Monday, July 16, 2012

Locked-out Con Ed workers need mojo

Consolidated Edison utility workers say they need help. Eight thousand of them were locked out of their jobs 16 days ago. They're already picketing at 20 Con Ed locations in New York City and Westchester County. This from Tim Holmes on the Teamsters Facebook page:
Today in History your Brotners and Sisters of Li al 1-2 are locked out .There Standing Firm , Their converting this fight into Elitist Austerity, We get Raises They Dont. They need your help in a big way, things like blocking roads, refusing pickups, Loosing trucks, Whatever tricks stunts or in their face maneuvers you dare bring brothers and sisters. We need your Mojo!
One way you can help your union brothers and sisters in New York is to show up at their rally for a fair contract tomorrow. It's at 5:30 pm in Union Square.

All the workers want is fair pay if the company is making money. The Indypendent tells us it is:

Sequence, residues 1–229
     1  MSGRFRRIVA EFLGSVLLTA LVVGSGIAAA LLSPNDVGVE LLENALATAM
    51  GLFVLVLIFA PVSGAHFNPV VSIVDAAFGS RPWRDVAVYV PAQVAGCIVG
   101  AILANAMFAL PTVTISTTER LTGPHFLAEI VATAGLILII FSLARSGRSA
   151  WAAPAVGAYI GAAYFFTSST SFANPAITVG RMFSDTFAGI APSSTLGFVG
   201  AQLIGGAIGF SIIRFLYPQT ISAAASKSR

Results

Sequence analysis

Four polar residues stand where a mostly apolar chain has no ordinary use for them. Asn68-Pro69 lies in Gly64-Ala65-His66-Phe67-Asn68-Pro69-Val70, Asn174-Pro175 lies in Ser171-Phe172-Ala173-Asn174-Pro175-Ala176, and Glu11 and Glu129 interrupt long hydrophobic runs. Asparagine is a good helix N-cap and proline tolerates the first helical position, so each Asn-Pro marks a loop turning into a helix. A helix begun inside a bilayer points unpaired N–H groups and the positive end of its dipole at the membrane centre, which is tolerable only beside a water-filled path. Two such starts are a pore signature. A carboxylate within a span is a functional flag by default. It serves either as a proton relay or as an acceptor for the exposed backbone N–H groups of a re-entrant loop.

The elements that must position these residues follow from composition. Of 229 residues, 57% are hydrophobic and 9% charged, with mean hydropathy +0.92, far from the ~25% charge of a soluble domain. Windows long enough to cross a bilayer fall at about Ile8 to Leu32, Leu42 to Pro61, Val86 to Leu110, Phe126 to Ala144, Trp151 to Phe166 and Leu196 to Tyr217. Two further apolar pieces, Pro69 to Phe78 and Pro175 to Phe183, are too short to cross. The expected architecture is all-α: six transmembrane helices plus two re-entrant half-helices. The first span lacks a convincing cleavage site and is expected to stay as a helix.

And it is: last year, Con Ed grossed over $1 billion in profits, while its CEO Kevin Burke took home almost $11 million. According to Local 1-2, Burke has requested Con Ed shareholders to approve another pay raise while he is simultaneously seeking to cut worker benefits.
Isn't that lovely?

To give you an idea of the lockout's impact on Con Ed workers, here's a post by Quinton Vernon on Facebook:
My wonderful wife and I, are celebrating our 8 anniversary tomorrow. All we can afford to get each other are cards that we'll be exchanging after I get home from the union rally to fight for my pension and benefits to support our family. Thanks Con Ed. My family won't ever forget this. I promise.
Government officials are telling Con Ed to end the lockout. Here's a statement from Republican state Sen. Greg Ball:
There are 3.2 million Con Edison customers and 350,000 reside in Westchester County. There is never a good time for Consolidated Edison workers to be on picket lines and that is especially so when it is as hot as Hades! Utility workers are the backbone keeping us in the 21st century, with all the creature comforts, and it is critical that management provides the framework for an immediate and lasting agreement. The sooner these hard working men and women are allowed to return to work, and both sides meet with open hearts at the bargaining table, the better for Westchester and beyond.
At least the company responded to public pressure and reinstated the workers' health insurance.